If form doesn't define monstrosity, then, we realize, actions become crucial. The monster commits heinous acts, but only when he is forced to do so. Had Victor atleast kept his promise to create a mate for the monster, perhaps the latter's actions would have taken an entirely different course. However, as many critics have seen it, Victor's first act of creating new life, inspired by the hope of "a new species (that) would bless (him) as its creator and source" (Shelley 52), leads him to transgress the natural limitations of man. Life and death are two facets of the same existence; in his desire to transcend death, Victor creates a new form of life which is, from the very beginning, unnatural. But Victor's tragedy perhaps lies not so much in his desire to overcome man's limitations as it does in his utter inability to either own the responsibility of his creation or to love it. Creating is not enough. The true essence of life lies in nurturing and preserving it, and this is precisely what Victor fails to do when he is overwhelmed by the ugliness and deformity of the being he has created. It is because of his abandonment that the creature is left at the mercy of a society that far from understanding him, shuns and inflicts cruelties on him instead till he is moulded into the ruthless and terrifying ‘monster' that finally destroys its own creator and maker: “ Am I to be thought the only criminal, when all human kind sinned against me? . . . Nay, these are virtuous and immaculate beings! I, the miserable and the abandoned, am an abortion, to be spurned at, and kicked, and trampled on”(Shelley 213). As Harold Bloom summarizes, (Victor Frankenstein) is thus at once a great Hermetic scientist, an astonishing genius at breaking through human limitations, and a pragmatic monster, the true monster of the novel. (9)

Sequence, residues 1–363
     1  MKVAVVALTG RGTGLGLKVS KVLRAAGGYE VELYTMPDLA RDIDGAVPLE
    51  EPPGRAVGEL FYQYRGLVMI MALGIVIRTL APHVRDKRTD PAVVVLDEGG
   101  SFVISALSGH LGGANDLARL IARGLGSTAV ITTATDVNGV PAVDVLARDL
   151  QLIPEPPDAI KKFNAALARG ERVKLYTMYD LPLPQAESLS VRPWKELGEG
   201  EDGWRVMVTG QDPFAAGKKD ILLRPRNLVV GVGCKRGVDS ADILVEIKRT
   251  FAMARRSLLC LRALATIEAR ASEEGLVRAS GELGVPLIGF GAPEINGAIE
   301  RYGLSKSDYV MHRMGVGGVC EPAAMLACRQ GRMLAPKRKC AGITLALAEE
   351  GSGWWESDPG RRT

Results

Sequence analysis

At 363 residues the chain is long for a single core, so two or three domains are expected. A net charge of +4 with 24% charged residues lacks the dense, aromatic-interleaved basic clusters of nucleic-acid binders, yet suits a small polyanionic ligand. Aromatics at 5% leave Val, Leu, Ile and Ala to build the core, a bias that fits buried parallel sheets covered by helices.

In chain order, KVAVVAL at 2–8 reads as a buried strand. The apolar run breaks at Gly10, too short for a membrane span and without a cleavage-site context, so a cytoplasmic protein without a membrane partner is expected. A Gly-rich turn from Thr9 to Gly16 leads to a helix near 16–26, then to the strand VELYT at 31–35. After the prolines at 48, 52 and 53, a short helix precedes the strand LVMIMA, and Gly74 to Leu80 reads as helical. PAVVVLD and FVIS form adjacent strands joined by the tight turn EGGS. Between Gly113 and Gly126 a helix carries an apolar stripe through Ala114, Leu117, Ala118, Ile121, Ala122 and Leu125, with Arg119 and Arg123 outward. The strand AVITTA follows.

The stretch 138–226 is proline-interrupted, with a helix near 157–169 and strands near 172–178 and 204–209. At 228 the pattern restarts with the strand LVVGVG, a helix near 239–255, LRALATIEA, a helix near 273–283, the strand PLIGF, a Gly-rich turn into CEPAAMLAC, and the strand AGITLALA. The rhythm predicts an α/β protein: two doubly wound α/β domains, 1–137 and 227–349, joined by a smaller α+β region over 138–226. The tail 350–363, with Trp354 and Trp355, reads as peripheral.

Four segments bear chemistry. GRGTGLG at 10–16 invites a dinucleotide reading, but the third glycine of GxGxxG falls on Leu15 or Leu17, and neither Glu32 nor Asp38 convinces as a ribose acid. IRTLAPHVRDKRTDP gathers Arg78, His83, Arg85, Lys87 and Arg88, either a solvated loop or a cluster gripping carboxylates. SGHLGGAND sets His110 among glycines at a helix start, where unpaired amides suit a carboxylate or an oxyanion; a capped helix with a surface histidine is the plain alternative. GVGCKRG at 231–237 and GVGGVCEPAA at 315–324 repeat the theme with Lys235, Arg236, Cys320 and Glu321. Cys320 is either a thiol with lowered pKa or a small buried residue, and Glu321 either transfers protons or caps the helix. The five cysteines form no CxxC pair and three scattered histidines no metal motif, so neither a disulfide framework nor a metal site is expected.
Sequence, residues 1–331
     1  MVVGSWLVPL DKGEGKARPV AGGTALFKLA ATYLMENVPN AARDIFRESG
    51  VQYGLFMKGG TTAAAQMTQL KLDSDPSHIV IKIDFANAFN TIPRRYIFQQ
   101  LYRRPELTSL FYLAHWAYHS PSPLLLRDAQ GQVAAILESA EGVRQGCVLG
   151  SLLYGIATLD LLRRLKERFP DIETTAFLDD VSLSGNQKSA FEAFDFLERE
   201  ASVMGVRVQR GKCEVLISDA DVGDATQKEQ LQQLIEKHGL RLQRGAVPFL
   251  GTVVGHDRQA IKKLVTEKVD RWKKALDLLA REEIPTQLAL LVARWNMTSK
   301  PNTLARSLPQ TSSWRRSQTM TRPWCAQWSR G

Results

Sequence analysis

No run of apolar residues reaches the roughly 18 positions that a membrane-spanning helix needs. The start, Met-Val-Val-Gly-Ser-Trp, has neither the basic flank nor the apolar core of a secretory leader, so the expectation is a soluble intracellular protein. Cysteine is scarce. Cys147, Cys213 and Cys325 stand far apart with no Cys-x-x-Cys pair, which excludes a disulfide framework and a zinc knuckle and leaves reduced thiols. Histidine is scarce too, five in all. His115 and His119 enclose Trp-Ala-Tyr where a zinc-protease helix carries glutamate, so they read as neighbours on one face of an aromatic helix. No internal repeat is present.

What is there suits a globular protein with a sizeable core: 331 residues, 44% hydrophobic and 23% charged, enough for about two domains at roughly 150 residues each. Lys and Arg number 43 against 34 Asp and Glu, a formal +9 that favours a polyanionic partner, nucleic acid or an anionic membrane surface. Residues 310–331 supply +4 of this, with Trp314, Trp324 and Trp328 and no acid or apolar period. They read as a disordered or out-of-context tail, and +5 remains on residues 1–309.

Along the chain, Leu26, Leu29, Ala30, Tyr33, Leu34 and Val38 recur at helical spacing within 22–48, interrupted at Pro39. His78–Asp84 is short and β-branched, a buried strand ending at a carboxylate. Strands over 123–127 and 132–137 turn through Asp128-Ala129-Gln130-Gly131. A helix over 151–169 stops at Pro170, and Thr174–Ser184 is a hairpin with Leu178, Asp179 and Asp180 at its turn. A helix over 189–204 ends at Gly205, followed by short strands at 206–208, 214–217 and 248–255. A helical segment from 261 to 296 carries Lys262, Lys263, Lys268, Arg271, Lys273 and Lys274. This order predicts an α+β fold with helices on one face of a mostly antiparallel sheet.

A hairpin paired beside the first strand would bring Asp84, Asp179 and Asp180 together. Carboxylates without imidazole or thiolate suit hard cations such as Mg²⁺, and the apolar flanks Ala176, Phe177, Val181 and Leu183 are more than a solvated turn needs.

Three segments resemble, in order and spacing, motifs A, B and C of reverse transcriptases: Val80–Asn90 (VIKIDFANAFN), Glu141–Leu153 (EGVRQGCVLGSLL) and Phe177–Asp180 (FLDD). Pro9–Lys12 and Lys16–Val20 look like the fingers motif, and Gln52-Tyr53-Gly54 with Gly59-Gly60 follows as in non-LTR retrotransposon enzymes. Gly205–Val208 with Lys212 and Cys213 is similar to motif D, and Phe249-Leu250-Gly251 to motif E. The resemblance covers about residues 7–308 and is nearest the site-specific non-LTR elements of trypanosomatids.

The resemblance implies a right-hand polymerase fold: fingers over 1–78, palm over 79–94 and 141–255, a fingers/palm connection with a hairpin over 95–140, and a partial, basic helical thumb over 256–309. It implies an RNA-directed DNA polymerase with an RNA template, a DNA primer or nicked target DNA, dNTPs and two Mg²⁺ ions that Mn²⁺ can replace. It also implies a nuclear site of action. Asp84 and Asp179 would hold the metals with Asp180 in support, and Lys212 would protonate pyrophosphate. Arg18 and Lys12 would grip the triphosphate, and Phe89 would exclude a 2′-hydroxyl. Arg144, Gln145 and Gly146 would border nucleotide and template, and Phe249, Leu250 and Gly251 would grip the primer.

In being the thinking, feeling, intellectual genius who simply chooses to abandon his unnatural offspring because of his own inhibitions, Victor's sin against his creature, thus, becomes unforgivable. It is therefore perhaps justified to agree with Bloom’s view that “(Victor’s) trespass is beyond forgiveness, because he is incapable of seeing that he is both a father, and a god, who has failed to love his marred creation” (9).
Significantly, actions are central to the depiction of the vampires in Twilight, too. The representation of vampires in gothic fiction, beginning with Bram Stoker’s Dracula and including a host of other horror texts, leads Fred Botting to observe that, “The vampire ... exists on the borders between life and death, between human, animal, and supernatural identities: she/he is a figure of transgression disturbing boundaries between inside and outside, home and foreignness”(288).
Supernatural or monstrous beings, we realise, are inherently ‘alien’ for they represent a disruption of whatever is considered normal or ordinary: existing in an essentially liminal space, they blur the lines between what is known and certain and what is unknown, and therefore, uncertain and threatening. However, it is primarily by virtue of their actions that the threat they represent is concretized as they leave a trail of death and destruction behind.